Seven COVID-19 deaths were reported by Minnesota health authorities Tuesday along with 1,150 newly confirmed infections with the novel coronavirus that causes the respiratory disease.
The additions bring Minnesota’s totals to 2,151 COVID-19 deaths and 114,574 known infections amid a pandemic that is showing signs of broadening across the state.
A record pace of COVID-19 diagnostic testing in Minnesota is increasing the number of known infections reported each day, but all of the supportive data suggests a real and growing spread of the virus, said state Health Commissioner Jan Malcolm.
“Despite what we wish was the case, COVID-19 is still a big and growing problem in Minnesota.”
Thirty-eight percent of Minnesota’s lab-confirmed infections over the past week have come from unknown community sources, which is above the state goal of no more than 30% and an indication that the virus is spreading beyond the state’s ability to track it.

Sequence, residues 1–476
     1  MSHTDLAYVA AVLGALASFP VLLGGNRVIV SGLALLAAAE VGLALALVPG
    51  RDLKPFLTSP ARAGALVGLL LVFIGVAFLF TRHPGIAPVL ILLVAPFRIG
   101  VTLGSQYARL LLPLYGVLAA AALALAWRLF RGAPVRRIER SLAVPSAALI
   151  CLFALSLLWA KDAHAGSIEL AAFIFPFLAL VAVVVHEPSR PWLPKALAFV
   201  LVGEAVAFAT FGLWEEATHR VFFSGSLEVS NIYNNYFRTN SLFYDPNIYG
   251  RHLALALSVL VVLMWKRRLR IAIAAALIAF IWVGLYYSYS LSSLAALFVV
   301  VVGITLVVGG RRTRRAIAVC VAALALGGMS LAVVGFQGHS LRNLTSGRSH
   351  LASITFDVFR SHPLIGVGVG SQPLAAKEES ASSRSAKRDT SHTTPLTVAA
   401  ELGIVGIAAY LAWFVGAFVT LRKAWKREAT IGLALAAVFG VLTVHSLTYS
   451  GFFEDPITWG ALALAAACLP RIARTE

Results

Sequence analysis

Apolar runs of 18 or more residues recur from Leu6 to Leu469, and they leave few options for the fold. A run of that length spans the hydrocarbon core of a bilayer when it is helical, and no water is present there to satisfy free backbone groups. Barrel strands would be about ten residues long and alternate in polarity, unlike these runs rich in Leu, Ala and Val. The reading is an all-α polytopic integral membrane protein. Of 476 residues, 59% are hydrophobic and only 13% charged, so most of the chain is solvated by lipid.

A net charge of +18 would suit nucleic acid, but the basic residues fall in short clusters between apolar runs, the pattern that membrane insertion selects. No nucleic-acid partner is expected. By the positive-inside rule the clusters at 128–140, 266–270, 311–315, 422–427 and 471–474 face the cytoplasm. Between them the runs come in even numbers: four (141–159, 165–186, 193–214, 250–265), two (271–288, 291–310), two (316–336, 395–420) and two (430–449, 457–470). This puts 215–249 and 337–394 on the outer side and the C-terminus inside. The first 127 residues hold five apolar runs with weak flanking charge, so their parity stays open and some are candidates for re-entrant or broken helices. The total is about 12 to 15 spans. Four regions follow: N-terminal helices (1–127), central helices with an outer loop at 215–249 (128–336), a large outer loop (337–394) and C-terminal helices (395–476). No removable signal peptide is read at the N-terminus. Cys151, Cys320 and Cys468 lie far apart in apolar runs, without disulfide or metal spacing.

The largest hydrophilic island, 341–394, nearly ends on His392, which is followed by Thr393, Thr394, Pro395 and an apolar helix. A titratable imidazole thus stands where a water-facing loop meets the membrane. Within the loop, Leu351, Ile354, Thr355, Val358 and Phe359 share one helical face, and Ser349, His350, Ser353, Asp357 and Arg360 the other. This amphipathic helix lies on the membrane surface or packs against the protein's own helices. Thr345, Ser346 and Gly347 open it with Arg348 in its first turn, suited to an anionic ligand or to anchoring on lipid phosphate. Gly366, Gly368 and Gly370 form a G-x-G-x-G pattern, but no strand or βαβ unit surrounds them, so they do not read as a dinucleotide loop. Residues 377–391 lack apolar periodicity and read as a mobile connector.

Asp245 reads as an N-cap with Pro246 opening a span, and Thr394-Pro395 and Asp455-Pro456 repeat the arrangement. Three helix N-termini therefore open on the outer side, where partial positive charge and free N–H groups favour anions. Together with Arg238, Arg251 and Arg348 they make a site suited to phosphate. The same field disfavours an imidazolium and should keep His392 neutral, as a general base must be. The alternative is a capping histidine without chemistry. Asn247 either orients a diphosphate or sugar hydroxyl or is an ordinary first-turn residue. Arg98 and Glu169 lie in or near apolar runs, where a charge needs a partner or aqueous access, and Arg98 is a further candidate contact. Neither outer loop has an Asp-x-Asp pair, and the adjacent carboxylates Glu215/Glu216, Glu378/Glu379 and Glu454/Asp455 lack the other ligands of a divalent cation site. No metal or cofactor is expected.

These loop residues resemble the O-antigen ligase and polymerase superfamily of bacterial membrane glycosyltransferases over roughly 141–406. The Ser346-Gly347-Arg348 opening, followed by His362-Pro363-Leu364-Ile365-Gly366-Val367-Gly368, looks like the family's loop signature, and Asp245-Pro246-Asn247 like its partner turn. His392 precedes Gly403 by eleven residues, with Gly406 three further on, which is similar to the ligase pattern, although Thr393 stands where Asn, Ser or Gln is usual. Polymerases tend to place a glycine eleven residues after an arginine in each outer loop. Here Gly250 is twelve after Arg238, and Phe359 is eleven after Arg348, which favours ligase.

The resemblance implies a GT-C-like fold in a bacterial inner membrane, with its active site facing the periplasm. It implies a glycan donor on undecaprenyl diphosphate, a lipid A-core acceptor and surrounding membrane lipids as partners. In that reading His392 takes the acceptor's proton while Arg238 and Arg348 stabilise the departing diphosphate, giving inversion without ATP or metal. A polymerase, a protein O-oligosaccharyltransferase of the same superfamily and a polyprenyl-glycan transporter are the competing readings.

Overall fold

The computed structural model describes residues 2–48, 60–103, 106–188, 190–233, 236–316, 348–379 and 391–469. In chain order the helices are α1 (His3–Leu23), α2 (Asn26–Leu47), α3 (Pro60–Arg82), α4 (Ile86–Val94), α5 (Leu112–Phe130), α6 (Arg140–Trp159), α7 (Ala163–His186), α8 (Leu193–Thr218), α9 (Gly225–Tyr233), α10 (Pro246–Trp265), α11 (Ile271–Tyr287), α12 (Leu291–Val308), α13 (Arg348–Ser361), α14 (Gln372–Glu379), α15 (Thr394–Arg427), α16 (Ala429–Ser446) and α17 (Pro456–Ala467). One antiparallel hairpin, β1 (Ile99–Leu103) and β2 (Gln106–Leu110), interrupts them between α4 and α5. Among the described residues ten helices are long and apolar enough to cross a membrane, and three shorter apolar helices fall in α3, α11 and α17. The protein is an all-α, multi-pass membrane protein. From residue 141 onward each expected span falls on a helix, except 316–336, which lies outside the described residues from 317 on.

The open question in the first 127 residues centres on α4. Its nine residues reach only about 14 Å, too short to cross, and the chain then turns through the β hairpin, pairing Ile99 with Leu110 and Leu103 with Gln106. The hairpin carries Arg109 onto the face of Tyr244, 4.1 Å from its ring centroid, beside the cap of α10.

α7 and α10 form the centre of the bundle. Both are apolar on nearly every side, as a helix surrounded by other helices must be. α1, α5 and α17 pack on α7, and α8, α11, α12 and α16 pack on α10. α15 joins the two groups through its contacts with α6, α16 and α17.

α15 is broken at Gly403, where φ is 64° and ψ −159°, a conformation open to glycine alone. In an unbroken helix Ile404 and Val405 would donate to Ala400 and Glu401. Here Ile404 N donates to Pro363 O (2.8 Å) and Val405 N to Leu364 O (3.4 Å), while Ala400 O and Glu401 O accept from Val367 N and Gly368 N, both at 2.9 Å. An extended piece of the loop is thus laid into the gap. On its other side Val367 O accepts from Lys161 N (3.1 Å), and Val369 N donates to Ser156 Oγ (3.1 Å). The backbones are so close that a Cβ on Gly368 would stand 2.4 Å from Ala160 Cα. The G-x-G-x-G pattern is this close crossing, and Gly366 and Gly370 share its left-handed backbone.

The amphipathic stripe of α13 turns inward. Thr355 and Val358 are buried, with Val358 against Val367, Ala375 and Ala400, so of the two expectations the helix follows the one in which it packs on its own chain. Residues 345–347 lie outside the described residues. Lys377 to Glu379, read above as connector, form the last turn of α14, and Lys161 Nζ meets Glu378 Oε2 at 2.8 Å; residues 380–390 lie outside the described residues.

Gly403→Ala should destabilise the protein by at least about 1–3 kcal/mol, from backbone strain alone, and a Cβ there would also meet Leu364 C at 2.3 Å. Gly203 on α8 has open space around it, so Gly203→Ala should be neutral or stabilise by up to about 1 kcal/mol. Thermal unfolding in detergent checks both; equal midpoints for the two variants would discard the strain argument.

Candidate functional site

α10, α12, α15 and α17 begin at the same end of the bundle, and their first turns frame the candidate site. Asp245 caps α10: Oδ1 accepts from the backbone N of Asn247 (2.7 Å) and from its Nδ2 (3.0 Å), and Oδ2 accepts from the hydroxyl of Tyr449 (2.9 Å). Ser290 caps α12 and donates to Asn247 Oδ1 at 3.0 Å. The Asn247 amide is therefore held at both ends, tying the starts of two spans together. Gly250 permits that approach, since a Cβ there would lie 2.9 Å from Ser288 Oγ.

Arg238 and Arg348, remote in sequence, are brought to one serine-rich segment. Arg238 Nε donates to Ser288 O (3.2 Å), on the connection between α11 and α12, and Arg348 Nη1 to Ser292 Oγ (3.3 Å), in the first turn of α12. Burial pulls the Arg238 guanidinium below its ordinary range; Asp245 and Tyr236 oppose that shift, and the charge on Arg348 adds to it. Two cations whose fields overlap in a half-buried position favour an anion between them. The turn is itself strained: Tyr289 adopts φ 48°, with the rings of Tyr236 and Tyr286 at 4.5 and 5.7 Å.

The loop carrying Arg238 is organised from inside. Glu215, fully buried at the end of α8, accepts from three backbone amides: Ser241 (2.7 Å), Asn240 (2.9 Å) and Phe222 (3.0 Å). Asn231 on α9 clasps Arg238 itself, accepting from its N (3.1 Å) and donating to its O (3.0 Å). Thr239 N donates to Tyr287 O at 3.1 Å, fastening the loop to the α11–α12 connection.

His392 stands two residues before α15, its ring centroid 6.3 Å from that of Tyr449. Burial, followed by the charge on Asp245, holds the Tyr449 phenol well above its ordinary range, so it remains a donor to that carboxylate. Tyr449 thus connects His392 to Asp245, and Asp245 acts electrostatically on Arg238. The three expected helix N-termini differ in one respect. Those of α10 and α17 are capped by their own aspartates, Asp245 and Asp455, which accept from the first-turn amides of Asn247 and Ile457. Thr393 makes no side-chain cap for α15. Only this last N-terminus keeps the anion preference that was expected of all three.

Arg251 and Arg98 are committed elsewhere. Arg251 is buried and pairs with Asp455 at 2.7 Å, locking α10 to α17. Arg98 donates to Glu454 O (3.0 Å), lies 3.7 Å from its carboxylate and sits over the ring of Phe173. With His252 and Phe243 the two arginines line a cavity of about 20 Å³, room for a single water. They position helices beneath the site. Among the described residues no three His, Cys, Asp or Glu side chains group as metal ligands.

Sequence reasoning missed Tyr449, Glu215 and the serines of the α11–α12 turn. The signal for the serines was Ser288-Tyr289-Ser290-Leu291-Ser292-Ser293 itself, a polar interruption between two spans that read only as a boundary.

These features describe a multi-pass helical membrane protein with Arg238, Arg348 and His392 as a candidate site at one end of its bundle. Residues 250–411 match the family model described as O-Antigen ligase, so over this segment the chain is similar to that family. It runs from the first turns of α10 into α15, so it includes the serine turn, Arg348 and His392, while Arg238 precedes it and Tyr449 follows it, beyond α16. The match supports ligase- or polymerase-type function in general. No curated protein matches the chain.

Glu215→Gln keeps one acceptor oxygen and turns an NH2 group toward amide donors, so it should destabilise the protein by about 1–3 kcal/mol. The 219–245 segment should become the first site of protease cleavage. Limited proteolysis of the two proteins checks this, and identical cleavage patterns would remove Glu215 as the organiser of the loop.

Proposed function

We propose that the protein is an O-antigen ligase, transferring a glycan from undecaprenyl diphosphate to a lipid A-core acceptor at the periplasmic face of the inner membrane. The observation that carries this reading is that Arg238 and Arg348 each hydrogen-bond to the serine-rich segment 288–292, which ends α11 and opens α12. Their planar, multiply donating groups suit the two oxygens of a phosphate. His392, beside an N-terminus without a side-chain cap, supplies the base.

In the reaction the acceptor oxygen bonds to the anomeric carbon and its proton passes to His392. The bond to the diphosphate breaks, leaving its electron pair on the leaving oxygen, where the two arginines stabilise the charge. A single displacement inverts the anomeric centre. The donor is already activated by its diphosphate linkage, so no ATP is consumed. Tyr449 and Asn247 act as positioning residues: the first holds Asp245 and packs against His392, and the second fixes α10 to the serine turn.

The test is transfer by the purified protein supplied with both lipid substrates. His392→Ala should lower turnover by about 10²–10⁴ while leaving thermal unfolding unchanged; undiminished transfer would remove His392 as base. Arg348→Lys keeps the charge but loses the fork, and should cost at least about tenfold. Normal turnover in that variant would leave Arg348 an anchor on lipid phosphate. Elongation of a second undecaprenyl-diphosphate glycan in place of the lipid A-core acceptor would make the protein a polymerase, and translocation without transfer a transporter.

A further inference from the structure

The state’s pandemic response dashboard also showed that 481 beds in Minnesota hospitals were filled with patients who had COVID-19. That includes 134 people who needed intensive care because of breathing problems or other complications from their infections.
Most infections with the SARS-CoV-2 virus produce mild or no symptoms. Minnesota’s case count includes 102,624 people who have recovered to the point that they are no longer infectious or required to isolate themselves.
Age and chronic health conditions remain key risk factors for more severe COVID-19 illness. The seven deaths reported Tuesday all involved people 70 or older — who make up more than 80% of Minnesota’s total COVID-19 deaths. Five of the people who died lived in their own private residences while two lived in long-term care or assisted-living facilities.
State health officials urged people to wear masks in public, practice social distancing, wash their hands and stay home when sick. New infections continue to be among the highest in the nation in the neighboring Dakotas and Wisconsin.